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Nine-month persistence of Bursaphelenchus xylophilus in living Abies sachalinensis and Picea jezoensis seedlings and nematode reproduction in stem sections

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For more content, see Nematologica.

Bursaphelenchus xylophilus causes pine wilt disease in susceptible pine species. To determine whether B. xylophilus persists in forests containing Abies sachalinensis and Picea jezoensis, we performed inoculation experiments using ten or 15 seedlings of A. sachalinensis, P. jezoensis, Pinus densiflora and P. thunbergii. Inoculation of 15 000 B. xylophilus caused 20 and 7% mortality in A. sachalinensis and P. jezoensis seedlings, respectively, in the nursery, indicating low susceptibility of A. sachalinensis and a lack of susceptibility of P. jezoensis. By contrast, B. xylophilus caused 40 and 70% mortality in P. densiflora and P. thunbergii, respectively. Bursaphelenchus xylophilus was recovered at extremely low densities from stems of externally asymptomatic seedlings of the first two tree species 9.5 months after inoculation. Inoculation of B. xylophilus on excised stem sections of A. sachalinensis and P. jezoensis seedlings showed a greater increase in population density in the bark than xylem after 3 weeks, whereas that on P. densiflora stem sections showed no difference in nematode density between the two tissues. The results suggest that B. xylophilus may persist in forests containing A. sachalinensis and P. jezoensis, when there are insect vectors with affinity for the nematode.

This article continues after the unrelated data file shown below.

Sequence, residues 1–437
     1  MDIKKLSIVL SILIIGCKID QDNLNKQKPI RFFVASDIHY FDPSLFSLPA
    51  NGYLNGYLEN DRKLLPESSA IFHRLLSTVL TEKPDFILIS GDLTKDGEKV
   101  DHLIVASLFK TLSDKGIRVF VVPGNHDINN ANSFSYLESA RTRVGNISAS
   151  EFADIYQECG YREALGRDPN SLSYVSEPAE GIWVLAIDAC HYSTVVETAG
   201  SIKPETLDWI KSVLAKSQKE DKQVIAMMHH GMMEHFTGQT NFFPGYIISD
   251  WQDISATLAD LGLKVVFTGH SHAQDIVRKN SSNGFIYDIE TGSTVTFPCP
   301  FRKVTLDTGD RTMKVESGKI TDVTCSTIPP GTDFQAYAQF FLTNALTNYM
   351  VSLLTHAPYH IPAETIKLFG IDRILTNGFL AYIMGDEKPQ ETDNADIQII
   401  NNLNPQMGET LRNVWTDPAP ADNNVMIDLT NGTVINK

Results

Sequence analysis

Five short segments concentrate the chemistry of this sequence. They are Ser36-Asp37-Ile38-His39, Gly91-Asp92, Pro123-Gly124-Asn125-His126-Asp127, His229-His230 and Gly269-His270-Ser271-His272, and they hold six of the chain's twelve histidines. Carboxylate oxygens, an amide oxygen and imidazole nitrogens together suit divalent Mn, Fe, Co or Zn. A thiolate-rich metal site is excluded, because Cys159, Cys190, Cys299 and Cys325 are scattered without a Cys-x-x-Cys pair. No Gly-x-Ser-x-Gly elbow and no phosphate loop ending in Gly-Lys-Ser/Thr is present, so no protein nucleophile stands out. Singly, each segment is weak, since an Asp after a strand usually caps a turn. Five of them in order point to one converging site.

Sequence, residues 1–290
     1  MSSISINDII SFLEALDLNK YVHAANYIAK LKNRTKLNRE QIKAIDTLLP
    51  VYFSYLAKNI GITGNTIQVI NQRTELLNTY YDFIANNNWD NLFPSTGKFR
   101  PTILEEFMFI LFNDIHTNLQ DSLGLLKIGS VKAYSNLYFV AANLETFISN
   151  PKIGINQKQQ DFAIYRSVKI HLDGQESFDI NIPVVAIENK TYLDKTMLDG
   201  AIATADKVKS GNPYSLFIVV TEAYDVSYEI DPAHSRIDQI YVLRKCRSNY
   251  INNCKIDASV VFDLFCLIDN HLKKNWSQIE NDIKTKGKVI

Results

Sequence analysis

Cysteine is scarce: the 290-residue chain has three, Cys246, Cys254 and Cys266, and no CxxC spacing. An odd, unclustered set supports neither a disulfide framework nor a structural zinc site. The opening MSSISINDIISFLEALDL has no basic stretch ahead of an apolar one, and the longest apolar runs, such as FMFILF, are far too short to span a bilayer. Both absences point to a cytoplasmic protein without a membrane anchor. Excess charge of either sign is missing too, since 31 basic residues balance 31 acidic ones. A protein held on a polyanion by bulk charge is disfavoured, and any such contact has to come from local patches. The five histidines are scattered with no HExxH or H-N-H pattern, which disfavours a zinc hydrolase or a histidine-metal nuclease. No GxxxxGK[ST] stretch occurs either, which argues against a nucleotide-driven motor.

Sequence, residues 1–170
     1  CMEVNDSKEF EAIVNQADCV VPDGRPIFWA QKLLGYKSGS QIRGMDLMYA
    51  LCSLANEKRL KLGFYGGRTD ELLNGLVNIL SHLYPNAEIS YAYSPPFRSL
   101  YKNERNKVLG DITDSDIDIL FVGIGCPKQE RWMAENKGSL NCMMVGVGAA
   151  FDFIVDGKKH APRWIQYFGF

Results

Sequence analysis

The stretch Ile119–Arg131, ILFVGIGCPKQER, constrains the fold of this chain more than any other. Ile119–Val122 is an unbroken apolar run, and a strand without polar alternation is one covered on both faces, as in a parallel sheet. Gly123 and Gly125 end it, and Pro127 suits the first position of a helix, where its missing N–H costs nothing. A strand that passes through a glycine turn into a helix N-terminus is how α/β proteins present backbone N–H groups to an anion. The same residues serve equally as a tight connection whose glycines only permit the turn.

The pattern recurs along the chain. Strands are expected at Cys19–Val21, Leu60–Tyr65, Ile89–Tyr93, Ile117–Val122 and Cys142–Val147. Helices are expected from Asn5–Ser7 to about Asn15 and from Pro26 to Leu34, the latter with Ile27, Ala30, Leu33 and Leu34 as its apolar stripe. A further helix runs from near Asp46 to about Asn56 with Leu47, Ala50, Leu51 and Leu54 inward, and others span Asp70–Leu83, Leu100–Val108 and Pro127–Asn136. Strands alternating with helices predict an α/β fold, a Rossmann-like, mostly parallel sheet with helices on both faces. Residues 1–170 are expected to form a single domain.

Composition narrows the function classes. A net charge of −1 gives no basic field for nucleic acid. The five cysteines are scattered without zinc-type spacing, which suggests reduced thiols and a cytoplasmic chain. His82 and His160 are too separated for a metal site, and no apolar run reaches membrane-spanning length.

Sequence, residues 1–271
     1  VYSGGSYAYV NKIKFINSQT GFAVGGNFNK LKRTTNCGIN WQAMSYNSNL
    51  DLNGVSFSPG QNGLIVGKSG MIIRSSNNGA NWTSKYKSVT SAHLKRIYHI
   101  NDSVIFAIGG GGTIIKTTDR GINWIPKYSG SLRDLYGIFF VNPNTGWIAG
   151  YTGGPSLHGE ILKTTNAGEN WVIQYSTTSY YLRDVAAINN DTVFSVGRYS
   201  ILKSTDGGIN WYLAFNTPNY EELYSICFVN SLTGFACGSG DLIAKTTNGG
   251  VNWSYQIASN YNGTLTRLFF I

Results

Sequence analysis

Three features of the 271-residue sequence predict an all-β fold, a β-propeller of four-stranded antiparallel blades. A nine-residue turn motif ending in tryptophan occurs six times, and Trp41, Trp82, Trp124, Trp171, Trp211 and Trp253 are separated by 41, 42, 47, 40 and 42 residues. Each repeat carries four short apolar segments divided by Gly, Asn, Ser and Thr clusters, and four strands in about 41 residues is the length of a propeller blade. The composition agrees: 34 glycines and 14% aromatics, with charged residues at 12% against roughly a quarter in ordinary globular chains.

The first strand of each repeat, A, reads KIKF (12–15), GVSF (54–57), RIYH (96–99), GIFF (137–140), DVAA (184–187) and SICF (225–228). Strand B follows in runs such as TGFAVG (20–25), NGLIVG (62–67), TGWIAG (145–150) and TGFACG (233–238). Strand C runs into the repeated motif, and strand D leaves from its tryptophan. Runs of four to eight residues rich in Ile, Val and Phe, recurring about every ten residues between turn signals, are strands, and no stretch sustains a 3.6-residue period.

Affiliations: 1: Laboratory of Forest Zoology, Graduate School of Agricultural and Life Sciences, University of Tokyo, Yayoi, Bunkyo-ku, Tokyo 113-8657, Japan


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